Steve Ott joined the Blues in February. ©2014, Dan Hickling, Olean Times Herald

Former Sabres captain Steve Ott feeling refreshed with Blues, fondly remembers Buffalo days

BUFFALO – Part of Steve Ott will always remain with the Sabres. The gritty 32-year-old quickly became one of the city’s most popular athletes during his two-year tenure, his blue-collar style resonating in a hardworking fan base.

“I like to think that I was a part of that organization for the right reasons,” Ott, whose St. Louis Blues host the Sabres tonight, said by phone Monday morning. “When you wear a sweater of a team, it will always hold a piece of your heart. Buffalo definitely does. I truly loved and enjoyed my time there.”

That time ended Feb. 28, when the Sabres traded their captain and goalie Ryan Miller to the Blues in a blockbuster deal.

Ott had repeatedly said he wanted to stay with the rebuilding Sabres, sparking speculation he could re-sign as a free agent in July. A return never materialized, however.

“There was nothing from Buffalo, to be honest with you,” Ott said. “I think they were going on a direction completely different. Obviously, when I found that out, then I had to realize where I was going.”

Ott stayed put, signing a two-year, $5.2 million deal with the Blues on July 10. By then, the other name free agents had inked deals.

“It was very interesting, to say the least,” Ott said about the summer. “Ups and downs, ins and outs. I had to make a few life decisions in the sense of where you feel most comfortable going in.”

The forward found comfort in St. Louis, one of the NHL’s powerhouses.

“My biggest thing is I wanted to go to a team that had a chance to win on a nightly basis, a chance to win the Stanley Cup, and I thought my best chance was coming back to St. Louis,” Ott said.

Ott has embraced a new role with the Blues. He often skated on the first line with the Sabres last season, playing 20 minutes some nights. These days, he’s just one part of a puzzle. The Blues possess some of the NHL’s best depth, meaning Ott now plays about 14 minutes.

“I think I’m obviously a depth player on a team that’s full of a lot of good players in the top 12 forward spots,” Ott said. “I’m a heavy penalty killer. I’m a guy that jumps around the lineup for the coach, wherever he needs me – left wing, center, right wing, from top lines to bottom lines. Whatever the opportunity arises to make our team better is basically my role.”

Ott’s role isn’t goal scoring. Incredibly, he hasn’t scored in 43 total games with the Blues.

“Yeah, it’s not fun,” he said about his drought.

Ott last scored Feb. 3. He has 103 goals in his 710-game career.

“I feel like I’m kind of in a spot in my career where winning’s the most important thing,” he said. “If it means sacrificing some of my own statistical categories and whatnot to be on a team that has a chance to win every single night, I take that. I think that’s where my mindset is.”

Ott doesn’t believe he has entered a new phase of his career. Following sports hernia surgery in May – “You don’t know how bad it was until you have it fixed,” he said – he feels refreshed.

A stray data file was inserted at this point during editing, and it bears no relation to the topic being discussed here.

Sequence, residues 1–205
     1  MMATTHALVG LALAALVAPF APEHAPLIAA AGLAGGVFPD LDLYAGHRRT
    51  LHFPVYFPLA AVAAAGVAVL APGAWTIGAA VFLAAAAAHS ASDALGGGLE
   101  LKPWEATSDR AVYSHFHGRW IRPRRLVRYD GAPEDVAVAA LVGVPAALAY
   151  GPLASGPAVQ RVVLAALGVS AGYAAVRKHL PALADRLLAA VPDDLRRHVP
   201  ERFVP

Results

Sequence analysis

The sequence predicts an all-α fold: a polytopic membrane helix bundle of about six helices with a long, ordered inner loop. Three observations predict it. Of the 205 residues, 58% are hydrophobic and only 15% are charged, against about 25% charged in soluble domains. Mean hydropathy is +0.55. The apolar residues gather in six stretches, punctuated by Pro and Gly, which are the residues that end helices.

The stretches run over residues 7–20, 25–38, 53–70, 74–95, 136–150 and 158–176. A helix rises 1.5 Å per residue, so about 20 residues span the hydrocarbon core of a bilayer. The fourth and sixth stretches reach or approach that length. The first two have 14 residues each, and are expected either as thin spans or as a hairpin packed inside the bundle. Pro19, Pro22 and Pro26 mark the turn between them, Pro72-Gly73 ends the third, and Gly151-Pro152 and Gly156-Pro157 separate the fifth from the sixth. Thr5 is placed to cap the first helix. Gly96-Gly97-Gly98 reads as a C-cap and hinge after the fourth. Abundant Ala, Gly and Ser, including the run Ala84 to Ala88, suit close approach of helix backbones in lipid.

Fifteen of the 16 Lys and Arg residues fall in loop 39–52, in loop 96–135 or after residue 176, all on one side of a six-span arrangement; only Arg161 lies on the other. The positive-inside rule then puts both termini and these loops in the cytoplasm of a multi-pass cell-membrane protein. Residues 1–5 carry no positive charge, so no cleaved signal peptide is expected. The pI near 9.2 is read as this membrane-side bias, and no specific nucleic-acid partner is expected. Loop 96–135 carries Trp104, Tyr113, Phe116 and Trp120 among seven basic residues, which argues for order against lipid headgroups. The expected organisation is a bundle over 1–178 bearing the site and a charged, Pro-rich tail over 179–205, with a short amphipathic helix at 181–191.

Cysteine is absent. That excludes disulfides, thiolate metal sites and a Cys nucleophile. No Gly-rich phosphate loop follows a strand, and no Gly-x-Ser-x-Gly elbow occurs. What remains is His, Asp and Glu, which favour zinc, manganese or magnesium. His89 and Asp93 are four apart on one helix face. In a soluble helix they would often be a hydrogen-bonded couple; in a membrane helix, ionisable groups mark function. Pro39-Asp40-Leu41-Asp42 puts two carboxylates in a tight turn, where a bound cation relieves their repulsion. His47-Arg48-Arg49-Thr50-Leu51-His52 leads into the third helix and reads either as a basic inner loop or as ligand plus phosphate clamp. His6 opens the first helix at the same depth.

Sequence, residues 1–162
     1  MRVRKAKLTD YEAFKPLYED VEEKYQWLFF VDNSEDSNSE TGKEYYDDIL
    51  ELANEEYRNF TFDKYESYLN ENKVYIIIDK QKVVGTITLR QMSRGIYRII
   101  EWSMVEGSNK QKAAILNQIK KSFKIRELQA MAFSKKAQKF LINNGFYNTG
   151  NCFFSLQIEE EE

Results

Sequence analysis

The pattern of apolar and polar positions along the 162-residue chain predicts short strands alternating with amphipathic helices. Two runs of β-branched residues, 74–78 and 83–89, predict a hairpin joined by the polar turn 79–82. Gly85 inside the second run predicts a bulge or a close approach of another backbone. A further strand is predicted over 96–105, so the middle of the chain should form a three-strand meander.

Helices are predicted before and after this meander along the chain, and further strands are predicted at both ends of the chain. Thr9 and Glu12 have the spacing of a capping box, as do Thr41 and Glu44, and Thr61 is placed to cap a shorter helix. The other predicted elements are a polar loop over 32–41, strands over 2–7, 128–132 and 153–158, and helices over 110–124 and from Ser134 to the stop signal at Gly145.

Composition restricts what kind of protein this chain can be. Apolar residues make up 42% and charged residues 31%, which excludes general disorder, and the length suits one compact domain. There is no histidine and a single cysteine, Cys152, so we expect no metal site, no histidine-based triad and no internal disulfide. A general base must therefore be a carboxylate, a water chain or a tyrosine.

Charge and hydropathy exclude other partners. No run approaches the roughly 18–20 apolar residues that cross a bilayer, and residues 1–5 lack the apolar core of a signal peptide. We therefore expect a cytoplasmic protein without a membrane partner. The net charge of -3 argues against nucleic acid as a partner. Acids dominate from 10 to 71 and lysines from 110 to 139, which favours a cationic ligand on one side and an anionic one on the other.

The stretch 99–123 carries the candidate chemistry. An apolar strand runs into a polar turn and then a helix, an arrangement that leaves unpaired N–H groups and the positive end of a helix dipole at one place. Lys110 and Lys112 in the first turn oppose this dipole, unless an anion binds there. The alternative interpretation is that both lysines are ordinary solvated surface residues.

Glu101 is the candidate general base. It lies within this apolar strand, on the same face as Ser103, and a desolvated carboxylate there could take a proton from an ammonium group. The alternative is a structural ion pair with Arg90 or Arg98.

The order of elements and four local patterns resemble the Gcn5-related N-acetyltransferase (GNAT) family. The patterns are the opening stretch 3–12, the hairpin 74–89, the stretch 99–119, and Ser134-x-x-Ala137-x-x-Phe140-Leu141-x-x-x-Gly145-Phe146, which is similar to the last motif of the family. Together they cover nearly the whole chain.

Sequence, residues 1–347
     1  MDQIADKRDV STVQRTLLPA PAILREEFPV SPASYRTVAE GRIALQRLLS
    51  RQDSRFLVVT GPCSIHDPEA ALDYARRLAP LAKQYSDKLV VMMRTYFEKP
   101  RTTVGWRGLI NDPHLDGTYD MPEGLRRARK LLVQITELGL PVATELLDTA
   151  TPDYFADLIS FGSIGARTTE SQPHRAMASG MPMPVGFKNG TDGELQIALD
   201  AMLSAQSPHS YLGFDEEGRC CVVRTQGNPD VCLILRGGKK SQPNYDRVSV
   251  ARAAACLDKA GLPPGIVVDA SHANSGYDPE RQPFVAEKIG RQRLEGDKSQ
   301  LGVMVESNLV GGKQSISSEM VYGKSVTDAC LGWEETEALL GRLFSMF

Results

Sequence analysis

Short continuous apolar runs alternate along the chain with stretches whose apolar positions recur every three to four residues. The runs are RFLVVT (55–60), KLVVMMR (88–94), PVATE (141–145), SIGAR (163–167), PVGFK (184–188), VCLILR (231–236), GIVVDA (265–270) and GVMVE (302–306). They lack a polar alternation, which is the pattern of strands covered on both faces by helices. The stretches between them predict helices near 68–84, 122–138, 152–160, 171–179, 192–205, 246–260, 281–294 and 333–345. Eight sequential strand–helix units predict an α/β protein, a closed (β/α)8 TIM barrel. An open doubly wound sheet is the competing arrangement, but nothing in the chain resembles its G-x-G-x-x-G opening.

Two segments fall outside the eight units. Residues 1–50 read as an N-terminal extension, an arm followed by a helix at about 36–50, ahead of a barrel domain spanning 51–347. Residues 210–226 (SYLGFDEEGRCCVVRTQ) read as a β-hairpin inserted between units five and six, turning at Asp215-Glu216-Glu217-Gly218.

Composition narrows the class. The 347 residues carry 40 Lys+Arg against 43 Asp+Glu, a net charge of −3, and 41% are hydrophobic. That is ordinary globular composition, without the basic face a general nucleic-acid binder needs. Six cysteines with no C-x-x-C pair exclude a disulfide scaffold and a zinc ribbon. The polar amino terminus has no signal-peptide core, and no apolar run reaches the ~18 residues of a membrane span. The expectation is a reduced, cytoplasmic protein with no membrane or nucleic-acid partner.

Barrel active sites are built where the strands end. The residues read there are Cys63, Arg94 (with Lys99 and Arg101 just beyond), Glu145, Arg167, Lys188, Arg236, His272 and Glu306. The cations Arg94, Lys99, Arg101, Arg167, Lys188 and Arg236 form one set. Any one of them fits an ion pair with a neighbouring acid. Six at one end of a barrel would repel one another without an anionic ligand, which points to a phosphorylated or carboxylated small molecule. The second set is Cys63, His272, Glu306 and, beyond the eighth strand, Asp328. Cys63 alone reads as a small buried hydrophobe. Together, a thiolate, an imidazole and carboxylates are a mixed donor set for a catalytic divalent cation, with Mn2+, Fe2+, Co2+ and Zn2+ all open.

“I feel like I have a ton of game left in me,” he said. “I feel great skating around on the ice. I feel quick still.”

The Blues have quickly moved up the standings. Nashville snapped their seven-game winning streak Saturday. St. Louis, a first-round disappointment last season, still looks like a Stanley Cup contender.

What makes the Blues so effective? Structure – coach Ken Hitchcock’s a master tactician – and depth, Ott said.

“We have great goaltending,” he said. “Our defense are very solid. Our core group … you have guys that on some teams could be first-liners, and on our team they could be third- or fourth-liners. That’s a testament to building a team for a chance to win.”

The Sabres, meanwhile, are still struggling. Ott has many close friends on the team. He planned to invite some to dinner at his house Monday night.

“It’s tough on all those guys that get dressed every single night,” Ott said about losing. “They don’t want to lose. They all have pride as a hockey player and want to have success. That’s the hardest thing … living not up to, I guess you’d say, the potential of the team, because I know they could be a good team. …

“The good thing is they have some great players coming that are continuing to get better that are young. But I also know the internal drive of a lot of those guys, and they care. It’s definitely a pride thing. I hope they turn it around or continue to build onto something there.”

Story notes

Sabres coach Ted Nolan on Ott: “I have really fond memories of Steve Ott, no question. The one thing about Steve, he competes, he competes hard. Watching him from afar, I wasn’t a big fan of his, because of that factor. But when you’ve got him on your team, you love him. But now he’s on the opposition.”

Ott on his Buffalo memories: “Me and the wife, we talked about it all the time, we had a blast in Buffalo. We had a great time with the community, the fans, the organization was phenomenal. You wish we had a better opportunity in the sense of it wasn’t a whole rebuild, but sure had a good time being in the leadership group there and kind of being a part of that community.”

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